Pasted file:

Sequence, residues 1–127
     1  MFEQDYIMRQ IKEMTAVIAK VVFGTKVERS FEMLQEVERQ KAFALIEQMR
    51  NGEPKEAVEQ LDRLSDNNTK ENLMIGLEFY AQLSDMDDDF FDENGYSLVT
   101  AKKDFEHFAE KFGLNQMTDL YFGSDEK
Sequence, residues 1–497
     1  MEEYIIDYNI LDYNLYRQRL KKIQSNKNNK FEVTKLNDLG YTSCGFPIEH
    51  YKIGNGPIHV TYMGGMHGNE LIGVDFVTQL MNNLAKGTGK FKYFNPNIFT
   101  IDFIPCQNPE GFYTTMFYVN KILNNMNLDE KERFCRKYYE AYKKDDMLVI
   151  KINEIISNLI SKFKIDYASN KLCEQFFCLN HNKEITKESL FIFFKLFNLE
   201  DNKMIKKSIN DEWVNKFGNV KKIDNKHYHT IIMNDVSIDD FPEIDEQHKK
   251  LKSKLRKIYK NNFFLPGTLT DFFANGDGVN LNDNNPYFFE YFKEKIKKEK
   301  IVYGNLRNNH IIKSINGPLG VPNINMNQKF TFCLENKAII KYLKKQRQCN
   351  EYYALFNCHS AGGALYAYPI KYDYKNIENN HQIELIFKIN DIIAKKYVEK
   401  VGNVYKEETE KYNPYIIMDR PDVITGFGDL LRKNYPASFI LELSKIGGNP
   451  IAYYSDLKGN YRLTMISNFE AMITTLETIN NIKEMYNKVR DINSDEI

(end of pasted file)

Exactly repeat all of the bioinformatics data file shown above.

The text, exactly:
Sequence, residues 1–127
     1  MFEQDYIMRQ IKEMTAVIAK VVFGTKVERS FEMLQEVERQ KAFALIEQMR
    51  NGEPKEAVEQ LDRLSDNNTK ENLMIGLEFY AQLSDMDDDF FDENGYSLVT
   101  AKKDFEHFAE KFGLNQMTDL YFGSDEK
Sequence, residues 1–497
     1  MEEYIIDYNI LDYNLYRQRL KKIQSNKNNK FEVTKLNDLG YTSCGFPIEH
    51  YKIGNGPIHV TYMGGMHGNE LIGVDFVTQL MNNLAKGTGK FKYFNPNIFT
   101  IDFIPCQNPE GFYTTMFYVN KILNNMNLDE KERFCRKYYE AYKKDDMLVI
   151  KINEIISNLI SKFKIDYASN KLCEQFFCLN HNKEITKESL FIFFKLFNLE
   201  DNKMIKKSIN DEWVNKFGNV KKIDNKHYHT IIMNDVSIDD FPEIDEQHKK
   251  LKSKLRKIYK NNFFLPGTLT DFFANGDGVN LNDNNPYFFE YFKEKIKKEK
   301  IVYGNLRNNH IIKSINGPLG VPNINMNQKF TFCLENKAII KYLKKQRQCN
   351  EYYALFNCHS AGGALYAYPI KYDYKNIENN HQIELIFKIN DIIAKKYVEK
   401  VGNVYKEETE KYNPYIIMDR PDVITGFGDL LRKNYPASFI LELSKIGGNP
   451  IAYYSDLKGN YRLTMISNFE AMITTLETIN NIKEMYNKVR DINSDEI